Posted: August 10, 2009
Entirely Homegrown: Hens headed for the chopping block
Still weeks from egg production, the two youngest birds will have to earn their weight the hard wayBy Mike Taylor
The first week of the entirely homegrown experiment is in the books and was about as tough as expected, but it’s about to get easier. This morning I made the executive decision to butcher my two youngest hens.
They’ve got no hope of maturing enough to contribute any eggs during this month-long regimen. Might as well get what I can from them, food-wise.
Two small hens carefully rationed should make the final three weeks a lot easier: drumsticks, thighs, wings, breasts, and the carcass and skin for soups and stews.
A little background: Some months back I had four hens producing four eggs a day. That ended sometime in spring when a fox killed one and my dog Spock, newly adopted from the Denver Dumb Friends League, killed the other three.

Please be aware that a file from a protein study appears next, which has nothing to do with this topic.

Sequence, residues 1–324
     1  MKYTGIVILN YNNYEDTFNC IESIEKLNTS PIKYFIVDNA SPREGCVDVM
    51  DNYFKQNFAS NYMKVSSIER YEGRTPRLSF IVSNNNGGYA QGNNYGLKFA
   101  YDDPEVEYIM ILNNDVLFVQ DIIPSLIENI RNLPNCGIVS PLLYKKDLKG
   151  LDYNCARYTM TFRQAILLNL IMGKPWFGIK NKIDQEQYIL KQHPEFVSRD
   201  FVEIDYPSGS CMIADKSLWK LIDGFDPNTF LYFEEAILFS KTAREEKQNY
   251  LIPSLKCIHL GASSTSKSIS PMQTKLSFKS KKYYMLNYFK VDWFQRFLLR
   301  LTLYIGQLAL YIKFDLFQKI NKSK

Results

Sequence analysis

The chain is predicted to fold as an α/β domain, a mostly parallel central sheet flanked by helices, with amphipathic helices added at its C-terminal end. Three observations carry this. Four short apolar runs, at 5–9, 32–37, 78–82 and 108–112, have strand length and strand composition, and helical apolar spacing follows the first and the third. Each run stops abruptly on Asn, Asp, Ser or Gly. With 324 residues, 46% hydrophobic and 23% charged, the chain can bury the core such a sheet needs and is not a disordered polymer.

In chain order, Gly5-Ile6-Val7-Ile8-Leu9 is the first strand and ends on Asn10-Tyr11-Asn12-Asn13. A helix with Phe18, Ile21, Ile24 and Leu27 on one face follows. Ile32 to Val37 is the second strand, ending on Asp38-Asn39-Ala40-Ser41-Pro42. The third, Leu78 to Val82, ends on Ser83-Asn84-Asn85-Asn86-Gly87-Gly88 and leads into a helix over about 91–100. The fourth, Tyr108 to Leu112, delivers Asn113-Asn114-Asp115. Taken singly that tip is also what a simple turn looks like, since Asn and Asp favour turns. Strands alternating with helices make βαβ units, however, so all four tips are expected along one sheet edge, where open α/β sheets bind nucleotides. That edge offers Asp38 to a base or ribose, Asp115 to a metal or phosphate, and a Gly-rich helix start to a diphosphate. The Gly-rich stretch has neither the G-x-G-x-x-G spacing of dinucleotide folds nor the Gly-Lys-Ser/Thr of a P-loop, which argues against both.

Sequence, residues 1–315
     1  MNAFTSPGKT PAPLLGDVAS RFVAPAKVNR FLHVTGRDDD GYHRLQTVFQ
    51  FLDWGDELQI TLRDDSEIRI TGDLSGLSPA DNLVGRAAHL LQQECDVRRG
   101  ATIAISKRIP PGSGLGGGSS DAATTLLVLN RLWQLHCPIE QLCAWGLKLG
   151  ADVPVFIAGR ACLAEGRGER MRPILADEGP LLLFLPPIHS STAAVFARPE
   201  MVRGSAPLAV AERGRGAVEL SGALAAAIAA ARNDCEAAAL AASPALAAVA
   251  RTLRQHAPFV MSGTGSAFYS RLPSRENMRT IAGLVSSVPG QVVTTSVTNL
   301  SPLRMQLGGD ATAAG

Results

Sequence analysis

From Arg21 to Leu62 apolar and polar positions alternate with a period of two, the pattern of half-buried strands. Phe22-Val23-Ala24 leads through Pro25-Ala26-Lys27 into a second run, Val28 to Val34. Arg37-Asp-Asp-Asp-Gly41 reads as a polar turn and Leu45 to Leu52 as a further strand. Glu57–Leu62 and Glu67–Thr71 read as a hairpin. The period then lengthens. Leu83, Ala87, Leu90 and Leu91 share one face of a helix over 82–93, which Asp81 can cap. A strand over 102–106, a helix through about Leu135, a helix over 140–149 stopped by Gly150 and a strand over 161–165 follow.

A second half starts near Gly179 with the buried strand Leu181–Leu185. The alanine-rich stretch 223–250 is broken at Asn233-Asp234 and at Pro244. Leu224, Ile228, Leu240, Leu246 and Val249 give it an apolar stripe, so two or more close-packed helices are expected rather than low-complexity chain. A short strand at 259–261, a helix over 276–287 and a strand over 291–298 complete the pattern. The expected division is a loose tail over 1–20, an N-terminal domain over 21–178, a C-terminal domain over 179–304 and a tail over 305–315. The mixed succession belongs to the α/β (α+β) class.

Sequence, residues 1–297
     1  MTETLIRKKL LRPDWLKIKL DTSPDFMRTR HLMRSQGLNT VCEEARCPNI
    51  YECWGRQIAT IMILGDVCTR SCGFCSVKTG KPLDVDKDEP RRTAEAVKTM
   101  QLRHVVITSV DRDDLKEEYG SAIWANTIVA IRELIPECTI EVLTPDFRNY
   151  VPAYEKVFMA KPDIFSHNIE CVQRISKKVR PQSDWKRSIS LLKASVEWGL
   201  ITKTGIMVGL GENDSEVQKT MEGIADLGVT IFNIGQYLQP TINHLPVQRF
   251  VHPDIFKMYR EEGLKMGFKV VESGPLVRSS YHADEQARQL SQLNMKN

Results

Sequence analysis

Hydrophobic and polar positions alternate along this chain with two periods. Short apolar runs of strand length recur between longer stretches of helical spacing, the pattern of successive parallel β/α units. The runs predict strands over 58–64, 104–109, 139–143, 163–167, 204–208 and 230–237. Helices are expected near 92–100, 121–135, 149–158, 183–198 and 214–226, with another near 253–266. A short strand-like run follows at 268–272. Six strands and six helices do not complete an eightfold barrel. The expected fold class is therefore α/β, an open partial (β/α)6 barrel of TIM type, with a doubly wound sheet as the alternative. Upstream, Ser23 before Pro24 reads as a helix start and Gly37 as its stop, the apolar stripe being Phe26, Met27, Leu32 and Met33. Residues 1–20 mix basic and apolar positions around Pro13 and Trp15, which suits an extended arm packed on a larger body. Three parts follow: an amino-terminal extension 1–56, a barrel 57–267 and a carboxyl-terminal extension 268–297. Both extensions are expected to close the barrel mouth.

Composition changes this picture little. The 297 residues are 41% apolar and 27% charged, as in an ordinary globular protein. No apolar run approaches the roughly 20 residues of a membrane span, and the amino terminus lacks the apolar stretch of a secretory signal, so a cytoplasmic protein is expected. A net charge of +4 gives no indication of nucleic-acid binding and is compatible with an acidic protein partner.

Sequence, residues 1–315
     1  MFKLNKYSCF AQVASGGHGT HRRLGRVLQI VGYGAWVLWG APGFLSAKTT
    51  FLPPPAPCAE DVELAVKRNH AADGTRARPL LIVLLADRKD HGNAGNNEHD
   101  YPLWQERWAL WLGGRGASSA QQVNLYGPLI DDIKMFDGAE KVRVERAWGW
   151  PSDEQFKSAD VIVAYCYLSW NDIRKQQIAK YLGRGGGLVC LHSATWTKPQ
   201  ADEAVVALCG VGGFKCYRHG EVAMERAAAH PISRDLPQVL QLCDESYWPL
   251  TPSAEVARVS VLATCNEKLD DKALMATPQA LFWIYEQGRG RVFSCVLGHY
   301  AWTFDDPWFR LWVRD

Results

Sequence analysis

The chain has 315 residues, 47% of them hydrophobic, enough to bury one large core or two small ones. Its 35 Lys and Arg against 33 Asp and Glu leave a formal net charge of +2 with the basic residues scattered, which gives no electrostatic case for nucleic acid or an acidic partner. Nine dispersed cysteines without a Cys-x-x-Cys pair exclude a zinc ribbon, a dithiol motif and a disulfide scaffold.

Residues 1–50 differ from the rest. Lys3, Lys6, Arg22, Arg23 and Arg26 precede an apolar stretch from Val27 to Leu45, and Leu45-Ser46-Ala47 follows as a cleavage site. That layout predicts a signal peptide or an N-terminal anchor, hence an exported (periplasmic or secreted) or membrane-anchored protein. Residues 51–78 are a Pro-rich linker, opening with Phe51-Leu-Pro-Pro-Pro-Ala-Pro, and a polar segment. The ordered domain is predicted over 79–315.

Figuring I still had time to raise some replacement hens to egg-laying age by August, I bought two Rhode Island Red day-old chicks from American Pride Co-op in Brighton. That was in early April, I think. Within a few weeks I became concerned they might not be laying in time for the backyard-only diet, so I went on Craigslist and found a hen source in Strasburg, about an hour east of Denver, up I-70.
I bought two more young Rhode Island Reds, both a few weeks older than the ones I had. One of the Strasburg hens finally started laying about five days before August 1. The other should start producing any day.
There’s no hope for the other two, so now the only decision left to make is whether to slaughter them myself or find a boutique butcher. I’d also like to point out that butchering livestock at a residence is illegal in Denver, but I admit that’s largely a convenient rationalization for not doing it myself.
Potatoes, egg and sauteed greens, a daily staple soon to be augmented with chicken.
Either way, stay tuned for a video of some sort next week.
Mike Taylor is the managing editor of ColoradoBiz. He writes about small-business money issues and how startups are launched. E-mail him at email@example.com.